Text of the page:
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Hi I'm a newbie in Networking, still confused about some basic concepts. If given a picture below: enter image description here

My questions is:

Let's say node C wants to send a datagram to node A but node C doesn't know node A's MAC address. So node C passes an ARP query packet which contains MAC broadcast address FF-FF-FF-FF-FF-FF and node A's IP address. I know node A will return its MAC address when it receives the packet. But what happen if the LAN use private IP address? what will the router do when it receive the packet? since the router's other interface might connect to some other node or even another switch, will the router broadcast the packet to all its interfaces?

  • Sounds like this question is mainly asking about the difference between a switch and a router. I couldn't find an earlier question about that on this site. That question has however been asked and answered a few times on Super User. – kasperd Aug 27 '18 at 16:30
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Let's say node C wants to send a datagram to node A but node C doesn't know node A's MAC address. So node C passes an ARP query packet which contains MAC broadcast address FF-FF-FF-FF-FF-FF and node A's IP address. I know node A will return its MAC address when it receives the packet.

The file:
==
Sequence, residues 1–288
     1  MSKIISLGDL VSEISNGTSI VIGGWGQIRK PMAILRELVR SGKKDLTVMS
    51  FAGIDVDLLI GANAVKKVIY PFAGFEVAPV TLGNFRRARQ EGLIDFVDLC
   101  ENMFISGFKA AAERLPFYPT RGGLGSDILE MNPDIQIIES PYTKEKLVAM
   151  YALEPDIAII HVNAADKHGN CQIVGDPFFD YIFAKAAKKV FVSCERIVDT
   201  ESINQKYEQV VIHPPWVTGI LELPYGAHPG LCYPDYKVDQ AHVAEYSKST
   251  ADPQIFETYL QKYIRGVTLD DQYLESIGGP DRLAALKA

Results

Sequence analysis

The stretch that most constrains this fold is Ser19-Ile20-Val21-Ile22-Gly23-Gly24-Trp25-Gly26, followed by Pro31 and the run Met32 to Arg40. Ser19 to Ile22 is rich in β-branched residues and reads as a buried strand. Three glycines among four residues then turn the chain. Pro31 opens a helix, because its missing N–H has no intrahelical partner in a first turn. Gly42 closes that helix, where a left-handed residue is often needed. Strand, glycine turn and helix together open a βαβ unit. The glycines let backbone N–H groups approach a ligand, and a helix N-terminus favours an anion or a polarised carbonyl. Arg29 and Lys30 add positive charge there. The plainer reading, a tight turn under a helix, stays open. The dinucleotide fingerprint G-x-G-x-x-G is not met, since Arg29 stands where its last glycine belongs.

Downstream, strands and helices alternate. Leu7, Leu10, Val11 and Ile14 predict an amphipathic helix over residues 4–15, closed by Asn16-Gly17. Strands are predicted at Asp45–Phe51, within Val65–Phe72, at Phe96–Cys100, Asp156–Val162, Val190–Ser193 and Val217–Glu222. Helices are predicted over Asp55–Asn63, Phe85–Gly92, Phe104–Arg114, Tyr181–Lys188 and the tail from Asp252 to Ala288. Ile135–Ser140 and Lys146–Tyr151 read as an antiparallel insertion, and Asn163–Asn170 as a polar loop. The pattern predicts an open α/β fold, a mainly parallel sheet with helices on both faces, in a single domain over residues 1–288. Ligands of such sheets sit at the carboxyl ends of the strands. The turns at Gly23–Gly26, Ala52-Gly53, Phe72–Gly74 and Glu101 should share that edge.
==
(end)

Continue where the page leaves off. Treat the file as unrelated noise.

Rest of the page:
This is a correct description of ARP for IPv4.

But what happen if the LAN use private IP address?

It doesn't matter what IP range the LAN uses as long as it forms one subnet.

what will the router do when it receive the packet?

When the (broadcast) ARP request doesn't ask for the router's LAN IP address the request is just dropped.

since the router's other interface might connect to some other node or even another switch, will the router broadcast the packet to all its interfaces?

No, a router does not forward L2 broadcasts that are used with ARP.

If node C wants to send an IP packet to a destination outside the LAN, its routing table tells it to pass the packet to the router as gateway. The packet is encapsulated by an L2 frame addressing the router's MAC. The router then receives the frame with the packet and forwards the latter according to its own routing table.

If the destination is local to the router, the router ARPs the destination IP and uses the discovered MAC for the Ethernet frame (assuming Ethernet is used). If the destination isn't local to the router it will use the next hop's MAC as local L2 destination in the frame.

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The router is constantly "veryfing" the destination IP address of every packet that comes to each one of its interfaces.

If the destination address matches with any entry of the routing table then it forwards the packet to the corresponding interface.

The following picture shows the Routing table of each router in a network:

enter image description here

When the router "sees" an ARP packet, it checks the destination IP and does the following checklist:

  1. If the destination IP is the router itself, then it answers with an ARP reply sending its own MAC.

  2. If the destination IP belongs to the local network, then it ignores it.

  3. If the destination IP belongs to a external network that exists in the routing table, then the router replies with its own MAC address.

  4. Everything else is ignored.

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  • I'll change it to "verifying" – jcbermu Aug 27 '18 at 12:50

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